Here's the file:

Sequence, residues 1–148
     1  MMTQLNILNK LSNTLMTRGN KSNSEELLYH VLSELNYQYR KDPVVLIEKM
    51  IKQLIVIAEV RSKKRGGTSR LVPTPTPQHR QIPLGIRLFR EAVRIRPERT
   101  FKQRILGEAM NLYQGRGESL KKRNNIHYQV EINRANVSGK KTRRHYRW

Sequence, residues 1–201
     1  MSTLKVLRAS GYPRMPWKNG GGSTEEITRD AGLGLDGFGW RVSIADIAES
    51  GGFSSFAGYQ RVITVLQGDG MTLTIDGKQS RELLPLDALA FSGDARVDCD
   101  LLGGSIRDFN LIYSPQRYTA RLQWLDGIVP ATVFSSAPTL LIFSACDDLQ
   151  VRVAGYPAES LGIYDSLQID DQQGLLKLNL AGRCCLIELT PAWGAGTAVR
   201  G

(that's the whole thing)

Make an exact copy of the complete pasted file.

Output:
Sequence, residues 1–148
     1  MMTQLNILNK LSNTLMTRGN KSNSEELLYH VLSELNYQYR KDPVVLIEKM
    51  IKQLIVIAEV RSKKRGGTSR LVPTPTPQHR QIPLGIRLFR EAVRIRPERT
   101  FKQRILGEAM NLYQGRGESL KKRNNIHYQV EINRANVSGK KTRRHYRW

Sequence, residues 1–201
     1  MSTLKVLRAS GYPRMPWKNG GGSTEEITRD AGLGLDGFGW RVSIADIAES
    51  GGFSSFAGYQ RVITVLQGDG MTLTIDGKQS RELLPLDALA FSGDARVDCD
   101  LLGGSIRDFN LIYSPQRYTA RLQWLDGIVP ATVFSSAPTL LIFSACDDLQ
   151  VRVAGYPAES LGIYDSLQID DQQGLLKLNL AGRCCLIELT PAWGAGTAVR
   201  G